Soccer, the most popular mass spectator sport in the world, has long been a site which articulates the complexities and diversities of the everyday life of the nation. The imaging and prioritization of the game as a 'national' or an 'international' event in public opinion and the media also play a critical role in transforming the soccer culture of a nation. In this context, the FIFA World Cup remains the grand spectacle for asserting the identity of the nation. This book intends to offer eclectic perspectives and discourses on the FIFA World Cup, and to throw light on the changing dimensions of football and sports culture in terms of identity, race, ethnicity, gender, fandom, governance, and so on. On the one hand, it focuses on the significance of the FIFA World Cup for nations in terms of hosting, performance, playing style, and identity formation. On the other, it looks beyond the World Cup to highlight the growing importance of a host of perspectives in sport in general and football in particular with reference to art, fandom, gender, media, and governance. The chapters in this book were originally published as a special issue of Sport in Society.
Neil Allen's account of an unforgettable season at Portsmouth is told with the same passion as the Sunday Times bestseller 100 Years of Leeds United and Netflix's Sunderland 'Til I Die. In 2013, in the midst of financial turmoil, on the brink of expulsion from the Football League and liquidation, the Pompey Supporters' Trust seized ownership of their club. Four seasons later, on the back of promotion to League One, the fans sold their stake to former Disney CEO Michael Eisner. 'We Will Never Die' had been the battle-cry of the faithful. Now they were striving for more than mere survival. Given unparalleled access, Allen watches team and management alike as they bid to secure promotion back to the Championship. But the battles on the pitch are only part of the story. We Will Never Die takes you inside a club like no other.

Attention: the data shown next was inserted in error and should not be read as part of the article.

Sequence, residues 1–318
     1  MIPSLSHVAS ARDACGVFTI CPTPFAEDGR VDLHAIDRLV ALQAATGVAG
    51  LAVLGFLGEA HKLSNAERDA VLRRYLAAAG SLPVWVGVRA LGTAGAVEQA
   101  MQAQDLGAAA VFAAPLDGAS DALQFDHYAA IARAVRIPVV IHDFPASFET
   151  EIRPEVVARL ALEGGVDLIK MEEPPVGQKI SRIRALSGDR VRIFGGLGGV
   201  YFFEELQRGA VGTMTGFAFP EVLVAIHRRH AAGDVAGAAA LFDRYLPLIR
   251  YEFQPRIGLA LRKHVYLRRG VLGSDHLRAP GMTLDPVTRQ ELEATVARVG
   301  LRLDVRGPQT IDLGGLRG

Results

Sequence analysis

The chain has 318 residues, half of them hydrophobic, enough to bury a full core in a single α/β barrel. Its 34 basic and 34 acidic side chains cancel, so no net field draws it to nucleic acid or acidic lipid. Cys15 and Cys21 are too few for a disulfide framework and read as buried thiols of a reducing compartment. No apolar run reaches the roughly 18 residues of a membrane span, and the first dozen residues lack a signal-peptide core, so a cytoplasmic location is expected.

FROM THE BESTSELLING AUTHOR OF RONALDO AND NEYMAR. Prolific, cool-headed and unerringly consistent, Lionel Messi is one of the most revered footballers in history. But did you know that his transfer to Barcelona was first agreed on a paper napkin? Or that an x-ray of his hand was to thank for identifying his growth hormone deficiency? And do you know why he refused to collect his first ever Champions League winner's medal? Find out all this and more in Luca Caioli's classic portrait of a footballing icon, featuring exclusive interviews with those who know him best and even Messi himself.
LIVERPOOL: THE STORY OF A FOOTBALL CLUB IN 101 LIVES tells the history of the Anfield club through the biographies of key individuals associated with the Merseysiders from their formation in the gas-lit days of Victorian Britain through to the present day. From John Houlding, the Lord Mayor of Liverpool who was the founder of the club in controversial circumstances, to their greatest manager Bill Shankly, and the great players who have worn the famous red shirt throughout its history, the in-depth stories of the characters - players and managers - here paint a fascinating picture of how the club - indeed, the game of football itself - has developed from workers playing for fun to today's multi-million-pound business.